All planets start with a bunch of stuff orbitting around them, or in the same orbit around the sun that they are in. This can end up as rings or as moons, or as both.
There’s a distance called the Roche Limit. You can’t have a big moon closer to the planet than this, or it would get ripped apart by the difference in gravity from one side to the other. So chunks of stuff inside the Roche limit become rings, and moons which wander into this limit get ripped apart and become rings. The Roche limit depends on the size of the planet, so big planets are more likely to have rings.
All of the big planets – Jupiter, Saturn, Uranus and Neptune have rings, as does Venus. Mars has a moon Phobos inside the Roche limit, so the prediction is that it will eventually get pulled apart into a ring.
Venus and Mercury are too small to have moons or rings of their own. So is Earth really, but we got lucky.
Here’s a little bit more detail from wikipedia that I thought was cool:
There are three ways that planetary rings (the rings around planets) have been proposed to have formed: from material of the protoplanetary disk that was within the Roche limit of the planet and thus could not coalesce to form moons; from the debris of a moon that was disrupted by a large impact; or from the debris of a moon that was disrupted by tidal stresses when it passed within the planet’s Roche limit. Most rings were thought to be unstable and to dissipate over the course of tens or hundreds of millions of years, but it now appears that Saturn’s rings might be quite old, dating to the early days of the Solar system.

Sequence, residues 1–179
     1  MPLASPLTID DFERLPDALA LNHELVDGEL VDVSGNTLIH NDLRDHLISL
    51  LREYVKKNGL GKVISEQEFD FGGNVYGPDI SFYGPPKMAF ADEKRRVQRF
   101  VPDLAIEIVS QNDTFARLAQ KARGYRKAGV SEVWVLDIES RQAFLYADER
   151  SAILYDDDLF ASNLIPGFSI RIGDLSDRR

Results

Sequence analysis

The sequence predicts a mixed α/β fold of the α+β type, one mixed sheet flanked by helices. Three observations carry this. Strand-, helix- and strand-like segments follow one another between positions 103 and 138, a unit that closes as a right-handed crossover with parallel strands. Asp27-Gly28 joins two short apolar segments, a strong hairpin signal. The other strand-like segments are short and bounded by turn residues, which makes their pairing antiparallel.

Some cool facts about Saturns rings: they are composed almost entirely of water ice, with some contamination from dust and other chemicals and are as thin as just 10m! Its amazing that we can see them so well! Have you ever observed them through a small telescope? Its pretty amazing!